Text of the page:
Doorbells & Door Chimes
Kathy, my wife, just doesn't like doorbells, door chimes and especially the buttons. As a result, we have beautiful solid brass door knockers on our front and side entrances. When those bad boys are "activated," they can be heard down the street!
Last week, we missed a UPS delivery because we don't have a doorbell or button adjacent to the door that leads from the house into the garage. I had coated the front and side porches with a wood sealant and the UPS driver had no other choice but to use the garage entrance. He is not the only person to use this back entry. Often people mistake our garage door opener buttons for door chimes. To make a long story short, I'm installing a lighted button at the garage door that will operate an old fashioned doorbell. The Carter house is climbing out of the dark ages!
Door chimes are very simple electrical devices. They operate on low voltage (commonly 16 volts) and the electrical current is direct current (DC). Regular household high voltage wiring is alternating current (AC).
Direct current devices obtain their power from transformers that push electrons out from one terminal screw and pull them back into the transformer at the other terminal screw. In other words, a DC transformer is nothing more than a small electrical pump - it pumps out electrons instead of water. When you install a simple switch and a doorbell between the two terminals, you create a loop. The electricity flows out of the transformer past the switch, into the bell and then back to the transformer. As the electrons pass through the bell, they "tickle" it and make it vibrate or ring. More sophisticated door chimes do the traditional "Ding - Dong" or play a four or eight note tune.
To solve pesky door chime wiring problems, you need to always keep in mind the loop wiring diagram in your head. If you understand how the electrons are supposed to flow, you can almost always quickly identify where a problem exists in your doorbell/door chime wiring loop.
If you don't own a simple volt meter, I suggest you go to Radio Shack and buy a medium priced digital or old fashioned VU meter volt meter. This is absolutely necessary if you want to locate a doorbell problem.
If your current doorbell/door chime doesn't work, the problem will very likely be a loose connection, a broken doorbell/chime, or a burned up transformer. I always like to check the transformer first to see if it is generating power. This is where you need the voltmeter. If you touch the two leads of the voltmeter to the two screws on the transformer, you should see the voltmeter register power. If it doesn't the transformer is bad and/or the high voltage power feeding the transformer is off. If you have 16 volts or near that let's move on.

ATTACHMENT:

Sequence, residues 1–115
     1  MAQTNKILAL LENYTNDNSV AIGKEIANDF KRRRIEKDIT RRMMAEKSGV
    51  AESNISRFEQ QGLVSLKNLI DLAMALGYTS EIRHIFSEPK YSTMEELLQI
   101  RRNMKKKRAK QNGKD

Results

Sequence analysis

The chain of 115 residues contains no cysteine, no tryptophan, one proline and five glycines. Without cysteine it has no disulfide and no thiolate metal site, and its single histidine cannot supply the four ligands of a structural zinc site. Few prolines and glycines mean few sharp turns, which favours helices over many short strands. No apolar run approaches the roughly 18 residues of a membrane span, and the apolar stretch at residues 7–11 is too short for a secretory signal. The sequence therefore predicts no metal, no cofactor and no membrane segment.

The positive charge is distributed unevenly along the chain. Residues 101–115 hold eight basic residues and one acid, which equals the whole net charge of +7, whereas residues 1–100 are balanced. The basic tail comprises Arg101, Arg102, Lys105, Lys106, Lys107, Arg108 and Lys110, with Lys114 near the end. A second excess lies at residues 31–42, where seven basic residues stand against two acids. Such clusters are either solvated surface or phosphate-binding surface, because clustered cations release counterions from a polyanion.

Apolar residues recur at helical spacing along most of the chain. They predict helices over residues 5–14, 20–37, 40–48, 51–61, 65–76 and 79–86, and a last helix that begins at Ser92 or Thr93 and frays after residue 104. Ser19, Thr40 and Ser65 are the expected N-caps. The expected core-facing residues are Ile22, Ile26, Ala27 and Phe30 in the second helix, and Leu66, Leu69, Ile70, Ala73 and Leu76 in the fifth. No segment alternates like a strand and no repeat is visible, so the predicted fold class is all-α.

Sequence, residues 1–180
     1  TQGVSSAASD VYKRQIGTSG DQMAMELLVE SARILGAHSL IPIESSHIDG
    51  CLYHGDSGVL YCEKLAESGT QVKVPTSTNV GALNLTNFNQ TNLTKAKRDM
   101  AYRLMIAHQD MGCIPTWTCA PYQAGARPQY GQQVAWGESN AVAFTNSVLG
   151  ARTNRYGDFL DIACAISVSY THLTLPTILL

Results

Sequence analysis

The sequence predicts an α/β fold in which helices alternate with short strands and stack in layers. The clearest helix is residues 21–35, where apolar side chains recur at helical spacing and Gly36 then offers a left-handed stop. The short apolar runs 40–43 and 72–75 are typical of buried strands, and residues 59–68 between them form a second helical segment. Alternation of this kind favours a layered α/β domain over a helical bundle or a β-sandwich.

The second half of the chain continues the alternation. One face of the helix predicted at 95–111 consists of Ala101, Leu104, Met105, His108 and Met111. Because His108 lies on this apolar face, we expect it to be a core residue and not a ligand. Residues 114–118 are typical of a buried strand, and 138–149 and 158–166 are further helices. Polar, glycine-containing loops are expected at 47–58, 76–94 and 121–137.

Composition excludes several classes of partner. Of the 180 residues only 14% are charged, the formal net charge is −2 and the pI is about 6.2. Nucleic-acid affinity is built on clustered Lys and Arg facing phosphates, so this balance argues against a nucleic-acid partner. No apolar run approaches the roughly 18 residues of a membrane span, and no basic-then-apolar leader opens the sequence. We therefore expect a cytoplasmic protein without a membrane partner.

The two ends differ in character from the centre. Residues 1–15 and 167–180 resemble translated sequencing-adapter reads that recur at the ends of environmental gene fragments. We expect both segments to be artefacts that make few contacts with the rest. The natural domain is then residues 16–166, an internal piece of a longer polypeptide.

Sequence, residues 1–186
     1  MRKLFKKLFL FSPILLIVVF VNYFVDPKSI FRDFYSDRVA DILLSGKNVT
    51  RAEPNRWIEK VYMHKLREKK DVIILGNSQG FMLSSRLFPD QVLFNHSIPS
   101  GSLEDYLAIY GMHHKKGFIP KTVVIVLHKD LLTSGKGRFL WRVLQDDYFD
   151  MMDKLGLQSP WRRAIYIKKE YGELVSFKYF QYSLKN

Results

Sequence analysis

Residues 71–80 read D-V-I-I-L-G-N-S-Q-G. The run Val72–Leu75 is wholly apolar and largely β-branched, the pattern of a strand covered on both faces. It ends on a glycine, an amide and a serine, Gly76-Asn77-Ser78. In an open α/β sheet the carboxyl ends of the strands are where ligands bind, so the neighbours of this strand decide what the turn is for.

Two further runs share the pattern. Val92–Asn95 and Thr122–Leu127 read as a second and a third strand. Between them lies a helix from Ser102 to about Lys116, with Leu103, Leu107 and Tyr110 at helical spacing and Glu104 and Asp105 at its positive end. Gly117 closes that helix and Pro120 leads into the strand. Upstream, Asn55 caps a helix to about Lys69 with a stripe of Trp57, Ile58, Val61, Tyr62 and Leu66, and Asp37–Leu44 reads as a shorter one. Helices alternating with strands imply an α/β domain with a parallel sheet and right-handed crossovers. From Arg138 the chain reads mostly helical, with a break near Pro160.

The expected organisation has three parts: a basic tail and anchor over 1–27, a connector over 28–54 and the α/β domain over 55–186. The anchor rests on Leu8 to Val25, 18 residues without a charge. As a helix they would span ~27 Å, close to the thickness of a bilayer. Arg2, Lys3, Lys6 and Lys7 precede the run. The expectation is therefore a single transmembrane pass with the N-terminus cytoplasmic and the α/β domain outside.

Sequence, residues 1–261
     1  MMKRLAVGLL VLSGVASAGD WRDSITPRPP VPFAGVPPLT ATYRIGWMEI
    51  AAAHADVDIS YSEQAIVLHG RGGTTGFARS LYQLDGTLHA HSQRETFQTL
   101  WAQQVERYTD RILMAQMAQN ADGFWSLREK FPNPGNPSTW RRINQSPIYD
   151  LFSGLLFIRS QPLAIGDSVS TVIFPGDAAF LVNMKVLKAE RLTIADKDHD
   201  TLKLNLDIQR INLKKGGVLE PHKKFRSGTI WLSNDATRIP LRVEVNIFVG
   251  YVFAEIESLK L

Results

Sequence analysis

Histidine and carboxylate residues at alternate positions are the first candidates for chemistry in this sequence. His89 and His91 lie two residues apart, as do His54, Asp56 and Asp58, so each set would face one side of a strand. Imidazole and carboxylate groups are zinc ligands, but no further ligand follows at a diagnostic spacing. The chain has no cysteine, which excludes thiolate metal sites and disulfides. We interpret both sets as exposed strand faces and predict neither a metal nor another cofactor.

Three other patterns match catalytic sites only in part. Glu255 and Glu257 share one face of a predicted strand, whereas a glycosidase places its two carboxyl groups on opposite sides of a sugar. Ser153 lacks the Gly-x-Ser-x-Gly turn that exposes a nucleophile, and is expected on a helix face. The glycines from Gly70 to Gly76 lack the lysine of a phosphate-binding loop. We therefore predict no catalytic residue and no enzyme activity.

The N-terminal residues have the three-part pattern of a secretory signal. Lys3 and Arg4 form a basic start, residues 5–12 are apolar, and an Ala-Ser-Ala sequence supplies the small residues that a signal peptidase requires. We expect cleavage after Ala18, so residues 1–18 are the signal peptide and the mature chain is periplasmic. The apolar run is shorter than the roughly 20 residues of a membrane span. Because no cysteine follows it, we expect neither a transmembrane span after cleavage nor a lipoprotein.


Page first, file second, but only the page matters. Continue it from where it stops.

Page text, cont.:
The door buttons are the second place to look for trouble. I always remove the cover and detach the wires from the button. If you touch the two ends of the bare doorbell wires together it very possibly will activate the doorbell/door chime. If you see a brief spark and no noise from the chime, it usually means that there is a problem at the bell/chime. Don't continue to touch the wires together as you can burn up the transformer!
To test to see if the door chime is the problem, I suggest you purchase the least expensive doorbell or buzzer. Go to the current door chime location and hook up the buzzer or bell to the existing wiring. If you hook up the wire from your existing chime that is attached to the screw that says "Trans" and then you attach the other wire to the buzzer that is connected to the screw that says "Front", you should hear a BUZZZZ when you push the front door button. This assumes that you have power at the transformer and the button works.
If you have an old house - say 50 years or older - there is a possibility that the low voltage doorbell wire has older cloth insulation. This insulation can deteriorate and cause shorts to develop. If you check out the transformer, button, and bell/chime and all seem to work, you could have bad wire.
The transformer for your door chime system should be adjacent to your electric panel. In fact, they are allowed to be connect directly to the side of the panel through a regular 1/2 inch knockout.
Transformers are affected by heat. Never install them in an attic or other area where they will be subjected to high temperatures. If you are installing a new chime, ALWAYS install a new properly sized transformer. They are inexpensive!